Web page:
The KOALA programme allows residents to record their obstetrical, surgical, ultrasound, and ambulatory patient encounters and to document critical incidents of learning or elements of surprise that arose during these encounters. By prompting the student to reflect on these learning experiences, KOALA encourages residents to articulate questions which can be directly pursued through hypertext links to evidence-based literature. Four Canadian residency training programmes participated in the pilot project, from February to May 1997, using a dynamic relational database with a central server. All participants completed the Self-directed Learning Readiness Scale and a learning habits questionnaire. The impact of the KOALA programme on residents' perception of their self-directed learning abilities was measured by comparing KOALA-naive schools (schools 2, 3, and 4) with school 1 (exposed to the KOALA prototype for 1 year). Ordered variables were compared using the Mann-Whitney U test and continuous variables with the Student t test (statistical significance P
PubMed ID
10792690 View in PubMed
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Canadian physical therapists' interest in web-based and computer-assisted continuing education.

https://arctichealth.org/en/permalink/ahliterature176034
Source
Phys Ther. 2005 Mar;85(3):226-37
Publication Type
Article
Date
Mar-2005
Author
Sunita Mathur
Sue Stanton
W Darlene Reid
Author Affiliation
School of Rehabilitation Sciences, University of British Columbia, T325-2211 Wesbrook Mall, Vancouver, British Columbia, Canada V6T 2B5. smathur@interchange.ubc.ca
Source
Phys Ther. 2005 Mar;85(3):226-37
Date
Mar-2005
Language
English
Publication Type
Article
Keywords
Attitude of Health Personnel
Attitude to Computers
CD-ROM - utilization
Canada
Computer-Assisted Instruction - methods
Education, Continuing - methods
Education, Distance - methods
Humans
Internet - utilization
Logistic Models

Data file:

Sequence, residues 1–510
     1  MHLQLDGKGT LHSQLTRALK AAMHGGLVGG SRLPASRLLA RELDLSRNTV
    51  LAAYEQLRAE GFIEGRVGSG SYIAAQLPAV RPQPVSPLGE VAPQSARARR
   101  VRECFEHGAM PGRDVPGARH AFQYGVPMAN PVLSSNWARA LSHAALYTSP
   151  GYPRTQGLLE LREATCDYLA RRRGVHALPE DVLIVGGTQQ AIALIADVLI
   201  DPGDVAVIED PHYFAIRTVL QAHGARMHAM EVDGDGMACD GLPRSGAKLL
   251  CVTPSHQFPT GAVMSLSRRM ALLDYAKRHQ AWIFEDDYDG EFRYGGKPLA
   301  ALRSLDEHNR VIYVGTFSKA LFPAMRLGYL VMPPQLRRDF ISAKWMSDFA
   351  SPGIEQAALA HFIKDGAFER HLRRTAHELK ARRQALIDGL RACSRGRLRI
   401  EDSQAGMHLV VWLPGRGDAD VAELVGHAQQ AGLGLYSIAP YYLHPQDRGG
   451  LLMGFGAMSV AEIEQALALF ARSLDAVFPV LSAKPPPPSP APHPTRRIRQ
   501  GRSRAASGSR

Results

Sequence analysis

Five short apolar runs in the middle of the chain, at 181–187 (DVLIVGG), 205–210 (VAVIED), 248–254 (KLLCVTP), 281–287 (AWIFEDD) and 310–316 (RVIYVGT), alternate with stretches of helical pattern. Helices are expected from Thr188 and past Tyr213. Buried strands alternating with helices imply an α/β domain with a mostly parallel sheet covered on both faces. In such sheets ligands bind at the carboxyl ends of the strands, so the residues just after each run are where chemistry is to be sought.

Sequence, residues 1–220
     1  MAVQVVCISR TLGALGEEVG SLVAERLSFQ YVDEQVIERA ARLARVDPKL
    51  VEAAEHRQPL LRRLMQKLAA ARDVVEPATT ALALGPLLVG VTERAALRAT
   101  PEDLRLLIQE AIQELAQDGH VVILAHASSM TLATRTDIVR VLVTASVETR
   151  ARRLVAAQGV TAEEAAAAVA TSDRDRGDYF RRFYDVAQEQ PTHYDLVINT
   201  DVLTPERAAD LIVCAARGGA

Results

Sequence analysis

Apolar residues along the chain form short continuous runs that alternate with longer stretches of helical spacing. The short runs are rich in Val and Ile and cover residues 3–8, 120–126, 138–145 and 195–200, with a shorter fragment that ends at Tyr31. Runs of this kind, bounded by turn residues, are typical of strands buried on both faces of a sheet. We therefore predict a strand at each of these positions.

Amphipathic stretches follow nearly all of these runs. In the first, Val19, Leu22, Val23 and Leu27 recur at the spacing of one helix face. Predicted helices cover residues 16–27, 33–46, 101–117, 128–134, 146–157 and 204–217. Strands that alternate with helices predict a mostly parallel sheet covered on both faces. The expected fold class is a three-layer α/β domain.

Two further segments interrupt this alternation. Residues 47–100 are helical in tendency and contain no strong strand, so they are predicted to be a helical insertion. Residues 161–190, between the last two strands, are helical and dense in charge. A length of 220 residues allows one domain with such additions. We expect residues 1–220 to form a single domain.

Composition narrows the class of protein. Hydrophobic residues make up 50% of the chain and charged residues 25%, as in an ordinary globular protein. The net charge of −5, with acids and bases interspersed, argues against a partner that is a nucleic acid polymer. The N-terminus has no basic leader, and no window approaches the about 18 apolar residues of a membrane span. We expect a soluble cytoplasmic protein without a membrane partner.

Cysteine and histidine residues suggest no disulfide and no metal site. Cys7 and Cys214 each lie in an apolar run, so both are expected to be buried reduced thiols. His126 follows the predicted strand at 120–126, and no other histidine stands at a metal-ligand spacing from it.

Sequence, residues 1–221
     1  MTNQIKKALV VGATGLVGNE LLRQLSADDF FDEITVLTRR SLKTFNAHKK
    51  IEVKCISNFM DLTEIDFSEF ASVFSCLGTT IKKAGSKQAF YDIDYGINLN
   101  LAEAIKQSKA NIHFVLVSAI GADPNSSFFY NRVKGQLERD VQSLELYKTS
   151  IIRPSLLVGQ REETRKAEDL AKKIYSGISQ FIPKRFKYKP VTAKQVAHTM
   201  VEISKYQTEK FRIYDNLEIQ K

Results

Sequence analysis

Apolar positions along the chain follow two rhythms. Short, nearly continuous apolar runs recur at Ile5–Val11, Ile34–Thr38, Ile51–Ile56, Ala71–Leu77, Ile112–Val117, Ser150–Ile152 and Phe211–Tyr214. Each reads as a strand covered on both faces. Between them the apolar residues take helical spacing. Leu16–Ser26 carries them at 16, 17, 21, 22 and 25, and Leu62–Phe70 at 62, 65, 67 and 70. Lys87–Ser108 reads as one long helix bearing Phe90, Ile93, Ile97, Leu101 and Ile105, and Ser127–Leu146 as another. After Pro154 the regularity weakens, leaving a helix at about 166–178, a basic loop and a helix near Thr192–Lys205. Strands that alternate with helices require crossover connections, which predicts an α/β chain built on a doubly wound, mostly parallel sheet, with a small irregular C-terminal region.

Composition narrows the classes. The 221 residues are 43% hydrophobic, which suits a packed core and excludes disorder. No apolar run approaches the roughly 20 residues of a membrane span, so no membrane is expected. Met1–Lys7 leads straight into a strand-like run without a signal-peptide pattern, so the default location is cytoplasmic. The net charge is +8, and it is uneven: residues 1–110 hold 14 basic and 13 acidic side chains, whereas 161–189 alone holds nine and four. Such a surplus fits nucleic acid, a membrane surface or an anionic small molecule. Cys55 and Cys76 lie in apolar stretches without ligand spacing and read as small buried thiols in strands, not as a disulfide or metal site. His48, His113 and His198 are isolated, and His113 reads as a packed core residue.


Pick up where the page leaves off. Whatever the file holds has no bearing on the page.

Physical Therapy Specialty - classification - education - statistics & numerical data
Questionnaires
Abstract
Distance education via computer-assisted learning (CAL), including Web-based and CD-ROM learning, confers a number of advantages compared with traditional learning methods. The purposes of this study were (1) to determine the interest of Canadian physical therapists in participating in continuing education using CAL methods and (2) to determine whether interest in CAL was related to type of employment, area of practice, education, computer skill and access, and other demographic variables.
A random sample of Canadian physical therapists and all members of cardiopulmonary interest groups were surveyed.
Of 1,426 survey questionnaires mailed, 69 were returned (58 were unopened and 11 were duplicates). From the remaining 1,357 potential survey responses, 757 responses were received, for an overall response rate of 56%. Seventy-eight percent of the respondents indicated their interest in participating in CAL. Factors associated with interest in CAL included 2 or more hours of Internet access per week, Internet access at both home and work, computer skill, education level, practice area, and belonging to a cardiopulmonary interest group.
The findings indicate a large positive interest in CAL. Increasing CAL continuing education opportunities could increase options for physical therapists to meet professional expectations for continuing competency.
PubMed ID
15733047 View in PubMed
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181 records – page 1 of 19.